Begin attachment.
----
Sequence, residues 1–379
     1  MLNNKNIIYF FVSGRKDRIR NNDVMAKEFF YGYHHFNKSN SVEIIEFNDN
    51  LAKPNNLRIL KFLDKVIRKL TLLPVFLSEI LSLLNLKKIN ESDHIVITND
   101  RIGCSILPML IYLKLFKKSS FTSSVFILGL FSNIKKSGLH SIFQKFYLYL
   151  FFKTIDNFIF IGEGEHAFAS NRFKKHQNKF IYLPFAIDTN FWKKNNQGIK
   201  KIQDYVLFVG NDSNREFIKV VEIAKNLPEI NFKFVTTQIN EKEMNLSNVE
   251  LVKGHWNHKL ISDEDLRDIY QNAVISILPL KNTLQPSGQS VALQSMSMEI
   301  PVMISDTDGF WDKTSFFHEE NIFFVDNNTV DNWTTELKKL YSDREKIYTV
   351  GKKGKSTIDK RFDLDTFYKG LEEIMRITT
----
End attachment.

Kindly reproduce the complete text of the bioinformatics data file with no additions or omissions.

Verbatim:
Sequence, residues 1–379
     1  MLNNKNIIYF FVSGRKDRIR NNDVMAKEFF YGYHHFNKSN SVEIIEFNDN
    51  LAKPNNLRIL KFLDKVIRKL TLLPVFLSEI LSLLNLKKIN ESDHIVITND
   101  RIGCSILPML IYLKLFKKSS FTSSVFILGL FSNIKKSGLH SIFQKFYLYL
   151  FFKTIDNFIF IGEGEHAFAS NRFKKHQNKF IYLPFAIDTN FWKKNNQGIK
   201  KIQDYVLFVG NDSNREFIKV VEIAKNLPEI NFKFVTTQIN EKEMNLSNVE
   251  LVKGHWNHKL ISDEDLRDIY QNAVISILPL KNTLQPSGQS VALQSMSMEI
   301  PVMISDTDGF WDKTSFFHEE NIFFVDNNTV DNWTTELKKL YSDREKIYTV
   351  GKKGKSTIDK RFDLDTFYKG LEEIMRITT